Oct 10

Political Neutrality a Necessity in the Job Hunt

The 2016 presidential campaign has drawn many retired senior military leaders into the limelight who might, in a different campaign year, have been inclined to voice their opinions more privately. The somewhat sordid, tabloid-like quality to much of the news coverage can make it difficult to sit quietly on the sidelines. I have been quite impressed with those “undecideds” on the stage with the candidates who have remained poker-faced during recent political debates, while I stared at the television, hardly able to remain in my seat.

No matter how many retired admirals and generals line up publicly to lend their names to either candidate during this hotly contested race, there are many more within the retired military community who hold a wide range of perspectives on the candidates and the issues we face as a nation. Some will argue that individual political opinions, especially those of retired senior leaders, should remain undeclared even after separation from military service – an unspoken expectation that military leaders remain above the political fray.  In the end, it is up to each individual to determine how best to practice good citizenry and love of country once separated from military service.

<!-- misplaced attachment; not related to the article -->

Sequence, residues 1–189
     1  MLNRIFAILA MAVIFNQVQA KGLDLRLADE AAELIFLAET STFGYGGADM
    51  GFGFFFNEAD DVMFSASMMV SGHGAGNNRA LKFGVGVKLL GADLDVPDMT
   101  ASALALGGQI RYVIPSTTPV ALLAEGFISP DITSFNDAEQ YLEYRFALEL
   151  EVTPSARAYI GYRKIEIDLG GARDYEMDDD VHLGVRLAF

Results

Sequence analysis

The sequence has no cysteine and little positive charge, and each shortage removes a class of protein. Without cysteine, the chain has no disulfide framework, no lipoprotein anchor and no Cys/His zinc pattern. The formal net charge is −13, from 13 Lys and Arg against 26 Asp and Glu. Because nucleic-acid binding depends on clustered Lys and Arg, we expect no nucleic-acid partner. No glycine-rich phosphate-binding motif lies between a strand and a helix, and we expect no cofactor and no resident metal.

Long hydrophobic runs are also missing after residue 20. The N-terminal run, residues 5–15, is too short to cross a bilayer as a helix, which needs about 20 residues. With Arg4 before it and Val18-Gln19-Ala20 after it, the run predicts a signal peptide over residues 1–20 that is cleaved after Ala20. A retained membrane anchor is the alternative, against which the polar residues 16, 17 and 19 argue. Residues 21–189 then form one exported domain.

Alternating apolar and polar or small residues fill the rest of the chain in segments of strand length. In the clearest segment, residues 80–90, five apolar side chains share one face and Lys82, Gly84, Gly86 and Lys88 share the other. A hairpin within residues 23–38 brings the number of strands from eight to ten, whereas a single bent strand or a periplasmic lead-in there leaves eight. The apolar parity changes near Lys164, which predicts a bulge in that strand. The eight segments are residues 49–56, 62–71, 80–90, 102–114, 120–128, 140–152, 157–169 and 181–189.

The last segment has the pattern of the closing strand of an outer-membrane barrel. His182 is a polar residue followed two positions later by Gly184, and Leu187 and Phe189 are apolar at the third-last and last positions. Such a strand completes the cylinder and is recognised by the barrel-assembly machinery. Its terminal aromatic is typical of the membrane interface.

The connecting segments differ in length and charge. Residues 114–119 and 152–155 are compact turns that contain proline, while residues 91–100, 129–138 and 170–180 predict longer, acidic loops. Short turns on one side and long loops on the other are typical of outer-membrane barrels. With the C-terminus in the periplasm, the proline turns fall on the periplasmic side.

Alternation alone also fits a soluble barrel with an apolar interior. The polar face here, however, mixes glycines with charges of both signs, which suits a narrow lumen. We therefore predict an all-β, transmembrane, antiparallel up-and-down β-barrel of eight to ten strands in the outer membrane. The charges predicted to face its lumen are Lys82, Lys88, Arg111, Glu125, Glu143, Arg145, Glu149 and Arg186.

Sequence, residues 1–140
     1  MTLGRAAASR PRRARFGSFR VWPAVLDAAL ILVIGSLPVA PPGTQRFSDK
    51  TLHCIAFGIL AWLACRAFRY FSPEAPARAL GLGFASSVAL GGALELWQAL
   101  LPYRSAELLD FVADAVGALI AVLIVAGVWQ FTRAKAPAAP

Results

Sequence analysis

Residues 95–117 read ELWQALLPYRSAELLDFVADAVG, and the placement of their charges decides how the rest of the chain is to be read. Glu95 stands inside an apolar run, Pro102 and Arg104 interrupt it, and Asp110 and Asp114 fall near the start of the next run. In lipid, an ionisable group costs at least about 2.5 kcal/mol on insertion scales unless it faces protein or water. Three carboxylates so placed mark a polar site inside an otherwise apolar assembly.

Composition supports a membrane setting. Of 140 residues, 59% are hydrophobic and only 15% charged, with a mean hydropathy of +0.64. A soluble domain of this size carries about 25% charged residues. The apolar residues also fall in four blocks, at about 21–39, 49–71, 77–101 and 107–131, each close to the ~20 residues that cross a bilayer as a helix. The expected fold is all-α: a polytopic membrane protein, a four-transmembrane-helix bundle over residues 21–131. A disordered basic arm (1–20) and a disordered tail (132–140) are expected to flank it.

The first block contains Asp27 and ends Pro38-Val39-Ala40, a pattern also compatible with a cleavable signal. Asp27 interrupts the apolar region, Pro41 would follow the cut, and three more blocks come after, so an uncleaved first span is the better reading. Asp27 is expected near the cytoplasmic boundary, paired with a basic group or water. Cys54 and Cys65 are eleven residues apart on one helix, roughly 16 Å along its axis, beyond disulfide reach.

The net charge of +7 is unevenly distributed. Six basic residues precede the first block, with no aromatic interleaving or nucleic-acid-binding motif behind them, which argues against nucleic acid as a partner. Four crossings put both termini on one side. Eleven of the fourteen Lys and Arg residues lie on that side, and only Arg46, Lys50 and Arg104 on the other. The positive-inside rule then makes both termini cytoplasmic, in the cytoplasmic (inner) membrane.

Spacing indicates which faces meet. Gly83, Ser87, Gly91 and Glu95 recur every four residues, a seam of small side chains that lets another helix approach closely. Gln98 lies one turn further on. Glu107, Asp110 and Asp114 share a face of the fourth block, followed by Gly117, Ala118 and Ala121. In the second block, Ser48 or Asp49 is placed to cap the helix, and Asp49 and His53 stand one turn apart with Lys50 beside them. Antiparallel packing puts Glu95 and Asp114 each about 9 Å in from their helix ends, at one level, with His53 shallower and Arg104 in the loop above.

That said, demonstrating restraint in voicing strongly-held political viewpoints is not an option if you are searching for your next career. Whether you are a former E-3 or a retired general, you will take yourself out of the running for your coveted position if you are unable to demonstrate an ability to work with civilian colleagues whose political, religious or personal views differ from your own.  During your job search, avoid commentary or political attacks on the other candidate. This guidance holds true whether you are online on your personal Facebook page, on LinkedIn or at a networking event. Vehement political declarations have no place in the workplace, nor in the job hunt. If you decide to provide personal commentary, be prepared to accept the potential professional consequences.

You never know who will provide entry to your next professional opportunity. The best way to keep your options open is to avoid alienating a prospective employer with your “well-reasoned” political commentary and analysis, no matter how thoughtful and worthwhile.

Leave a Reply

Your email address will not be published. Required fields are marked *

You may use these HTML tags and attributes: <a href="" title=""> <abbr title=""> <acronym title=""> <b> <blockquote cite=""> <cite> <code> <del datetime=""> <em> <i> <q cite=""> <s> <strike> <strong>